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Arts & Entertainment

On Saturday, Sept. 5, Christian music superstar Steven Curtis Chapman will be in concert at the Smoky Mountain Center for the Performing Arts. Chapman is a singer, songwriter, record producer, author, actor, and social activist who glorifies God in every endeavor. His music represents his incredible journey and his performances are filled with worship and praise. Tickets to this inspiring event start at $25 each.

Chapman began his successful career in the late 1980s. He has been recognized as one of the most creative, productive, and fruitful singers in the Christian music genre. He has released more than 20 albums, 10 of which have been certified Gold or Platinum, recorded 47 number one radio hits, and sold nearly 11 million albums worldwide. He has performed at the White House and has appeared on multiple national programs on CBS, NBC, ABC, CNN, MSNBC, CMT, FOX News, the Hallmark Channel, and E!, including “Good Morning America,” “Larry King Live,” “Fox & Friends,” “Huckabee,” “CBS Sunday Morning,” “The Tonight Show with Jay Leno,” and more. He also starred in the Christian movie, “Christmas Child.”


Hunter HayesOne of country music’s rising stars is coming to Western Carolina University as part of Homecoming Week activities.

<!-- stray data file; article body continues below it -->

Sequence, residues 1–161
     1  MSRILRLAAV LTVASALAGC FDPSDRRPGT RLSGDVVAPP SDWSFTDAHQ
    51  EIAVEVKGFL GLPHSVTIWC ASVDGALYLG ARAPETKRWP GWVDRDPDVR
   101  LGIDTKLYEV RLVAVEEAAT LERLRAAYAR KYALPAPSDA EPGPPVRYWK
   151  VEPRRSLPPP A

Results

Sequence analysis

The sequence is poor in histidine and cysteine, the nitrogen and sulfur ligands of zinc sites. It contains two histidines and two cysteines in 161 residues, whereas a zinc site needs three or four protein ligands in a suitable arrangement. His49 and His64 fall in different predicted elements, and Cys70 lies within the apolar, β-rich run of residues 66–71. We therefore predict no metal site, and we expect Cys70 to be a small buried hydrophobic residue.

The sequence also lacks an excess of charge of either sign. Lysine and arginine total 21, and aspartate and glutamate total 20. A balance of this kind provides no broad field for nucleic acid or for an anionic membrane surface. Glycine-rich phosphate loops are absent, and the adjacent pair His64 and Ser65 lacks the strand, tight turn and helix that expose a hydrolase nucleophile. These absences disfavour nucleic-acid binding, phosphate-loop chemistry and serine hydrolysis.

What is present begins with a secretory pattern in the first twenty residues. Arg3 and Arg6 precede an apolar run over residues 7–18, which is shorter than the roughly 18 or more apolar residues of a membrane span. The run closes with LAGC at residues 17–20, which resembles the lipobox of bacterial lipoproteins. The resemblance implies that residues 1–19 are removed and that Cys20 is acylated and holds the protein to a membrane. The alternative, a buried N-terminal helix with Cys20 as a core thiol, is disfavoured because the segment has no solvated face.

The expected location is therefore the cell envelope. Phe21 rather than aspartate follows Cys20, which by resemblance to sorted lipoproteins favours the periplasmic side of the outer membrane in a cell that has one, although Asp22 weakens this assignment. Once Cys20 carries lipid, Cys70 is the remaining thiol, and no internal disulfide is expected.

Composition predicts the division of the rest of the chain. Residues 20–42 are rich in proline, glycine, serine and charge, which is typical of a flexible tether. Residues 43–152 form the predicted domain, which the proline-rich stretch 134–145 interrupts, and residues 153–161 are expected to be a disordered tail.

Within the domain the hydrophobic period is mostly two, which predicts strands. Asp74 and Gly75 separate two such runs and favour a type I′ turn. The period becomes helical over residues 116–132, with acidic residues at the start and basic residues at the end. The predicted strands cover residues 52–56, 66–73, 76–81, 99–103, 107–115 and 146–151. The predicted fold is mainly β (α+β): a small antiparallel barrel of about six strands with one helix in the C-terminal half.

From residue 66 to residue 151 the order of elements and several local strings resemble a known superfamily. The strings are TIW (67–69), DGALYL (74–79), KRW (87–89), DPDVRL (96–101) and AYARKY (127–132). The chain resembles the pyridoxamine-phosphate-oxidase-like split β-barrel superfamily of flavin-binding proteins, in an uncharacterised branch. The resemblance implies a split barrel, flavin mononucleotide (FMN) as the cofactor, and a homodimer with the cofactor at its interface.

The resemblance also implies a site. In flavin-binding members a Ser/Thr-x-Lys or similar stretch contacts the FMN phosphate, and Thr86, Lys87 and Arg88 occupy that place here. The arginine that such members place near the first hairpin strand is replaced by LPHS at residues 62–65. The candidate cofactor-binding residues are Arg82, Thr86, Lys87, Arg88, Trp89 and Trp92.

Hunter Hayes will begin his “21 Tour” at 8 p.m. Thursday, Oct. 22, at Ramsey Regional Activity Center. He will be joined by fellow country singer Ryan Lafferty. Tickets, which are $20 for students and $25 (plus facility fee and taxes) for the general public, go on sale Tuesday, Sept. 1.

His tour features 21 dates at 21 college campuses across the country. Earlier this year, the singer, songwriter and multi-instrumentalist teamed with streaming music service Spotify to identify college markets with a high density of passionate Hunter Hayes fans. WCU was among that group.

Hayes, 23, is a four-time Grammy nominee and Country Music Association Award winner for New Artist of the Year in 2012.

Tickets can be purchased at the Ramsey box office, or online at ramsey.wcu.edu. The concert is sponsored by the departments of Campus Activities and Residential Living.

An exhibition of works by Cathryn Griffin, professor of photography at Western Carolina University, continues on display through Friday, Sept. 25, at the university’s Fine Art Museum in the John W. Bardo Fine and Performing Arts Center.

“Griffin’s work calls attention to the strange beauty that lies in those simple, unique, ephemeral moments that truly happen once in a lifetime,” said Denise Drury Homewood, director of the museum.

Griffin’s works have been featured in literary and art magazines, in solo and group exhibitions all over the country and in the permanent collections of art museums and galleries from Massachusetts to California. Some works currently appear on the websites of the San Francisco Museum of Modern Art and the Appalachian Photographers Project.


The rich and proud heritage of the Eastern Band of Cherokee Indians (EBCI), which reportedly dates back more than 11,000 years, will be brought to life from 10 a.m. to 3 p.m. on Saturday, Sept. 19, with live demonstrations and presentations at the Cherokee Heritage Festival in Hayesville.

Located next to the Clay County Historical Arts Museum, the Cherokee Homestead Exhibit is a replica of a 17th century homestead complete with winter house, summer house, corn crib, multi-use shelter and mound gardens, and will be the site of the festival, the perfect place to see the Eastern Band of Cherokee Indians sharing their culture.


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